The White Sox retired Paul Konerko's No. 14 before Saturday's game with the Twins, just one year after he retired. That's unusual in the AL Central, a division where most retired numbers belonged to players from long-ago eras. A look at the division's other retired numbers:
Indians: An extreme example of retired-number stinginess: Six players have had their numbers retired, but none played in Cleveland more recently than Larry Doby (No. 14) in 1958. The Indians did "retire" No. 455 in 2001, to honor the fans for 455 consecutive sellouts.
• • •
Royals: The franchise retired three numbers — George Brett's No. 5, Frank White's No. 20 and manager Dick Howser's No. 10 — from their glory days in the late 1970s and early 1980s. Considering the Royals went 29 years between postseason appearances, it's understandable that there aren't more.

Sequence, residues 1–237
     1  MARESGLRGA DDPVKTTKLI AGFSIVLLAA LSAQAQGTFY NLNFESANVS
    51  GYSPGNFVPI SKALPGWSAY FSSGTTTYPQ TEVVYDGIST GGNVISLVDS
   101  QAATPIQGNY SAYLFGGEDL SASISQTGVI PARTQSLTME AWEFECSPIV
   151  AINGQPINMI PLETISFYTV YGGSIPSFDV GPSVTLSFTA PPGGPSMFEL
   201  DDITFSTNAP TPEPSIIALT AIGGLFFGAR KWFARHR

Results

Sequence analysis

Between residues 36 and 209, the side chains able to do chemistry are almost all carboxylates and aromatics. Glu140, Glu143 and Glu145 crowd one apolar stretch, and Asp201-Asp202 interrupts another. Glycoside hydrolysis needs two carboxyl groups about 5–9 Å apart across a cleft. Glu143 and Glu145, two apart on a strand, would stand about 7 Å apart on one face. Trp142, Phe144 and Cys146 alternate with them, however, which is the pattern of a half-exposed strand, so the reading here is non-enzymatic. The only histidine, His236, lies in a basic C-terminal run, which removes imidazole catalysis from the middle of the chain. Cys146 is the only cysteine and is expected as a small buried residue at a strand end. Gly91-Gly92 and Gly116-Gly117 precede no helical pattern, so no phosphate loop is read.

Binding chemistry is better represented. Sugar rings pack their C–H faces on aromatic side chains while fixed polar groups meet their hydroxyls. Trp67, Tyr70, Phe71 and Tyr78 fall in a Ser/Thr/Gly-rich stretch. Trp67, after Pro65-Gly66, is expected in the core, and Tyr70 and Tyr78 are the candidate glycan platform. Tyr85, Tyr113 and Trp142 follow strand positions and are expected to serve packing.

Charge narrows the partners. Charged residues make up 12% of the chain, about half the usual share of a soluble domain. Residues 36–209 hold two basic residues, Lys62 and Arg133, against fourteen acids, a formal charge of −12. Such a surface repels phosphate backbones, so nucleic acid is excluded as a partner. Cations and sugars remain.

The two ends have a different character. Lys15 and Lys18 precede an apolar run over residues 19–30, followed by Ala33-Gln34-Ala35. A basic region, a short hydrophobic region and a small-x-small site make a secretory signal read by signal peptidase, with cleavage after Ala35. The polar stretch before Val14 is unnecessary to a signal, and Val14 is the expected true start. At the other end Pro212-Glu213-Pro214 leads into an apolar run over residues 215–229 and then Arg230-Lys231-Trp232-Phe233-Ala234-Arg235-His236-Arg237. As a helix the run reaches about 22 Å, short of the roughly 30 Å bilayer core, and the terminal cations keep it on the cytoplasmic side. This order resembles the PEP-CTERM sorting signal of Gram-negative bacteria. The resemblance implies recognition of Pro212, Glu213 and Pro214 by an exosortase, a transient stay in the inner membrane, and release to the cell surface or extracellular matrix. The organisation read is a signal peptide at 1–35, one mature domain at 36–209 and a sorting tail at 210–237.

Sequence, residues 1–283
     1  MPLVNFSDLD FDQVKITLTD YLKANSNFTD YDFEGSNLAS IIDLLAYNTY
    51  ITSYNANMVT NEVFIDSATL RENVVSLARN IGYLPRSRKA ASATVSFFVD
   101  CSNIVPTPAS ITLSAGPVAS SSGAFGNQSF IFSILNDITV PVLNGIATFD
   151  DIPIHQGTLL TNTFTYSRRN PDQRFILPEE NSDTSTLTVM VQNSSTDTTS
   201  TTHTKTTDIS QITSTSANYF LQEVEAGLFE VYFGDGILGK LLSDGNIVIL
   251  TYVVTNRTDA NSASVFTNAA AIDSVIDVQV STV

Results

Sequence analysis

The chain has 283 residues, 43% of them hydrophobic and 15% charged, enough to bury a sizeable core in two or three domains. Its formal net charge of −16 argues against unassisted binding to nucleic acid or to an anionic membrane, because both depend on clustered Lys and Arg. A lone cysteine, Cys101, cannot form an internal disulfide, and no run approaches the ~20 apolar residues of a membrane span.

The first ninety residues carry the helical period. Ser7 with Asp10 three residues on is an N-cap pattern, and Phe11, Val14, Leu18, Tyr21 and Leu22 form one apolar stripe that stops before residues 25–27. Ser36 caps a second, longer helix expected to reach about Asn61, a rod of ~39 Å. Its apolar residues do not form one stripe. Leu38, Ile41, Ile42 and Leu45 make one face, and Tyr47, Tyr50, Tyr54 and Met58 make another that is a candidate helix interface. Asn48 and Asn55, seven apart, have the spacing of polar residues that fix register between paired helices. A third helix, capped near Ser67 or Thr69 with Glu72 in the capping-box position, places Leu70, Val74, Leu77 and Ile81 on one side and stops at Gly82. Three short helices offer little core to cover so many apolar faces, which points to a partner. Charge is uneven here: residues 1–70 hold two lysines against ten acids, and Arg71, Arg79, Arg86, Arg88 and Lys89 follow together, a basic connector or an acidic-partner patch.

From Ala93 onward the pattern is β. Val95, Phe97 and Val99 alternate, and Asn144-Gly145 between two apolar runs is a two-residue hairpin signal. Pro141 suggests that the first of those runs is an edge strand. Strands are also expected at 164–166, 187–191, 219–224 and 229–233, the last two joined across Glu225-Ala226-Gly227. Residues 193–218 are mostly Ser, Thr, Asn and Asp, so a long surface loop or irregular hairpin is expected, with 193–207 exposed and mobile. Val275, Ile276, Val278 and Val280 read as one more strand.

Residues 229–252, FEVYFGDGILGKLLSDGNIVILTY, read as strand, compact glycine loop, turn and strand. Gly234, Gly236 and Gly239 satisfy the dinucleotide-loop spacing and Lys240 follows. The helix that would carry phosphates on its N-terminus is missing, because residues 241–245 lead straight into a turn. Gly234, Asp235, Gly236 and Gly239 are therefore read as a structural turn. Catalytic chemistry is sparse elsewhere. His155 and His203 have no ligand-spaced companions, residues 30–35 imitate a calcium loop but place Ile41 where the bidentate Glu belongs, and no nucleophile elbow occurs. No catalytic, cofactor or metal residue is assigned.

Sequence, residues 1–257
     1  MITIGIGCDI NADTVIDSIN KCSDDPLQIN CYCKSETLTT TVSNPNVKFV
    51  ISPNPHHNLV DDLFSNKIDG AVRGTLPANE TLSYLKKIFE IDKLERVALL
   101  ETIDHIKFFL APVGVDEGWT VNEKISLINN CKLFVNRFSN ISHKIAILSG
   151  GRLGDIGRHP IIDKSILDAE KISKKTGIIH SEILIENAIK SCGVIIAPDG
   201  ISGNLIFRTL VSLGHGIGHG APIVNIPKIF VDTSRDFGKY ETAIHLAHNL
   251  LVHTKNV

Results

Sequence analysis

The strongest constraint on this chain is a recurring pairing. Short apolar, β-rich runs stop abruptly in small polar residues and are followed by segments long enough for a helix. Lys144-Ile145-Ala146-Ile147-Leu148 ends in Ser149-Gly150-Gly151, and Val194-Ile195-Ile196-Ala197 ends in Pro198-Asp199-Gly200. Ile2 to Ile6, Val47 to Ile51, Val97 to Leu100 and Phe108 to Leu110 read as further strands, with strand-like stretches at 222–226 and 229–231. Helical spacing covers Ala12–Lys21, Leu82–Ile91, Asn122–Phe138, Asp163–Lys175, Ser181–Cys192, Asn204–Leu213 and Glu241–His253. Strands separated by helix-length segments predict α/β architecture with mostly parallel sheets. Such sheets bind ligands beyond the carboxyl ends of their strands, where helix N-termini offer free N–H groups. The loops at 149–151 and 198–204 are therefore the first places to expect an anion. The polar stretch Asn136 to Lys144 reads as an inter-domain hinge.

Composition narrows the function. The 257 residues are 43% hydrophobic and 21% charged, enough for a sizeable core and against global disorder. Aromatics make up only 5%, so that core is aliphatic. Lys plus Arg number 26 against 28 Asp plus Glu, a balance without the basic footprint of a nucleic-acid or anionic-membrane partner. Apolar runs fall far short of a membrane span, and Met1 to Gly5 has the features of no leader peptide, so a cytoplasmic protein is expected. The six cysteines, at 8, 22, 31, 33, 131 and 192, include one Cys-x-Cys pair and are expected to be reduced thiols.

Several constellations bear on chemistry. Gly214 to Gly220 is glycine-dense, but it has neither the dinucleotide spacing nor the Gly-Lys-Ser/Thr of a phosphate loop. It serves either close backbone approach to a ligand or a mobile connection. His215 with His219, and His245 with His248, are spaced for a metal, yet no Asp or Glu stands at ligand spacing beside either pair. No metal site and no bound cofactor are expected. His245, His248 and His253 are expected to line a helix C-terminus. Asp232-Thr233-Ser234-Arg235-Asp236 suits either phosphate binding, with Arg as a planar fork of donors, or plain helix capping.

• • •
Tigers: Another franchise that doesn't retire numbers for recent players, Detroit's only such honor for someone active since the 1970s isn't for a player. The Tigers retired No. 11 five years ago for manager Sparky Anderson.
• • •
White Sox: The White Sox have retired 10 numbers, including four (counting Konerko) of players who were active in the past 20 years (Carlton Fisk's No. 72, Frank Thomas' No. 35, Harold Baines' No. 3). Of course, this is a franchise that likes to retire numbers; the White Sox set aside Baines' in 1989 — more than a decade before he retired himself.